The Higher Education Funding Council for England has told 143 further education colleges that it intends to give them more than 9,500 places from the pool of 20,000 set aside for institutions charging average tuition fees next year of £7,500 or less.
Meanwhile, 35 higher education institutions have been given 9,300 places, with a further 1,200 held back by Hefce pending an appeals process for both sectors over the next few weeks.
It means that not all further education colleges which bid for margin places have been successful before appeals.
Originally 167 colleges had bid for almost 20,000 places, with universities applying for 16,000 places.
Sixty further education colleges will now have a direct funding relationship with Hefce for the first time as a result of the decision, but the degree to which the sector has increased its share of higher education places is less clear.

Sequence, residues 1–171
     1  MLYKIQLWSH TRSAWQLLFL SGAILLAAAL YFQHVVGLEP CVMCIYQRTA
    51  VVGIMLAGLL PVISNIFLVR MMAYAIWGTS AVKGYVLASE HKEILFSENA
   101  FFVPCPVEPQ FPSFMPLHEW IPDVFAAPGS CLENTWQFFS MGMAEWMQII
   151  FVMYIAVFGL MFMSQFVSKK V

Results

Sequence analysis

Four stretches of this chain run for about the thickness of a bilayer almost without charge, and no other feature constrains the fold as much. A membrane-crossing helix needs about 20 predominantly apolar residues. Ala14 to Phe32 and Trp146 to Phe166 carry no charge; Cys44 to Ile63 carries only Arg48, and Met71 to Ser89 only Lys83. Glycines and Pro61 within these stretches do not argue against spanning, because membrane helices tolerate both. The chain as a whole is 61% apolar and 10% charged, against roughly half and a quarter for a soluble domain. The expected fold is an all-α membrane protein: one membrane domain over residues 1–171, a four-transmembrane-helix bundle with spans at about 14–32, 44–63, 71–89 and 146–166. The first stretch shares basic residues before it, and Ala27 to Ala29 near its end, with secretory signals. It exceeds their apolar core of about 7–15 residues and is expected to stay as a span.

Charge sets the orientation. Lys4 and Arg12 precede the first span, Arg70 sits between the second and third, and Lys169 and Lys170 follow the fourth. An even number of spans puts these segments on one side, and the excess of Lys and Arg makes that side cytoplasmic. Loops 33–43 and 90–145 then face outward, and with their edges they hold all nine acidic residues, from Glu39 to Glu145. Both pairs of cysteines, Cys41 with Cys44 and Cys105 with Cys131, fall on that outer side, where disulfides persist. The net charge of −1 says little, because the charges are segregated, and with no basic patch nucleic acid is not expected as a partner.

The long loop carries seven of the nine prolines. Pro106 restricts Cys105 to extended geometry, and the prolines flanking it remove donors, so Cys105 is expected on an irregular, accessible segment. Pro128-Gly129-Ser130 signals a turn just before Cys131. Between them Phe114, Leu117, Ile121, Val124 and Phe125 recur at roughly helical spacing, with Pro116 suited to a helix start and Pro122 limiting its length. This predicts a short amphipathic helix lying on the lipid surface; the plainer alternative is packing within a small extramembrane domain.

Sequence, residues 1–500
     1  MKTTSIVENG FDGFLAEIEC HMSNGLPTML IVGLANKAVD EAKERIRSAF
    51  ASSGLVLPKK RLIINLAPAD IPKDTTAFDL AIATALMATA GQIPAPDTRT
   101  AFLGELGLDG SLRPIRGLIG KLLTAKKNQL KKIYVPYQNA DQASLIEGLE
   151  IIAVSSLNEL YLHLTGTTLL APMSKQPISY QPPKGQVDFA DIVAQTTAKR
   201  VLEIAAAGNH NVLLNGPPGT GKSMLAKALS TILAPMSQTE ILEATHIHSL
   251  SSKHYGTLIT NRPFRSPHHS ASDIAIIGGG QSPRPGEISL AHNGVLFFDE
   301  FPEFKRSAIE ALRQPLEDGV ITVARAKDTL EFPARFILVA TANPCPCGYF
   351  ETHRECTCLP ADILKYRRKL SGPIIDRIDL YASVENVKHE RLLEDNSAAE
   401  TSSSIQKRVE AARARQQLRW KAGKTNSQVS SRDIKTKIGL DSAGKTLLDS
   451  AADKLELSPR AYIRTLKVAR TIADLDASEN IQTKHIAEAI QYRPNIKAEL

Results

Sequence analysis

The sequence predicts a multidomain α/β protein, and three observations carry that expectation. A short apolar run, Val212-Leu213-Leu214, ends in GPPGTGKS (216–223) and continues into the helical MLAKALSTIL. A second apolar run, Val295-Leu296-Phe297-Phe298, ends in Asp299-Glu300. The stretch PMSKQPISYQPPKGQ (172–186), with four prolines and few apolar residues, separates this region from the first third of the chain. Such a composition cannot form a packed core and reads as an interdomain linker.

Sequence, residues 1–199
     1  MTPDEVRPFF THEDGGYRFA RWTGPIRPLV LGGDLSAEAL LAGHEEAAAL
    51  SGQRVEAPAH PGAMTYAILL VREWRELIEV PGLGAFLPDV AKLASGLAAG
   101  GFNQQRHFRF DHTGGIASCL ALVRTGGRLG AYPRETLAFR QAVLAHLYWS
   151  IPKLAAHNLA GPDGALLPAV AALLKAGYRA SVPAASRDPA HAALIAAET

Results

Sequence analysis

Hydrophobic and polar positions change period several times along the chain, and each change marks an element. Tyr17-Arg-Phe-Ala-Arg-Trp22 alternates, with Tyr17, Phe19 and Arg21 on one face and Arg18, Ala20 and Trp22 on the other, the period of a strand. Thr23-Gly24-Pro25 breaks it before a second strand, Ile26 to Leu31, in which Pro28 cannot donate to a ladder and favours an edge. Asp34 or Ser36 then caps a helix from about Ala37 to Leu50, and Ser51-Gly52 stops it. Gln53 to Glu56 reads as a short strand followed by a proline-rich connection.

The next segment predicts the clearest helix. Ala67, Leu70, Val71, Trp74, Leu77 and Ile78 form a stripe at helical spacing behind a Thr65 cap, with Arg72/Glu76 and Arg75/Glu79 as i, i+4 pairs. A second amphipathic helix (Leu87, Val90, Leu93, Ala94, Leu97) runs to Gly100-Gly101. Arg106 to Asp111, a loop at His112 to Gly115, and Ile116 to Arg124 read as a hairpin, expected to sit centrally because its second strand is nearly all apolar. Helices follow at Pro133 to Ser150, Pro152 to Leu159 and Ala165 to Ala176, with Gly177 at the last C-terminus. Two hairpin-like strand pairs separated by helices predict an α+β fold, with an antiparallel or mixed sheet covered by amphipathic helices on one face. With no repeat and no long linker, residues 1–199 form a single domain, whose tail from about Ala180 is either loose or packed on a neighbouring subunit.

This is because a number of colleges have been bidding for places from the margin to make up for some universities withdrawing places they franchise to the sector.
Colleges already directly funded by Hefce have also lost places as part of the 9 per cent cull carried out to help create the margin.
However, David Willetts, the universities and science minister, was clear that more further education colleges would be offering degree courses as a result of the reforms.
“Students will be able to choose from a wider number of courses that are high-quality, value-for-money and accessible,” he said.
“These allocations demonstrate that our reforms are already delivering for students.”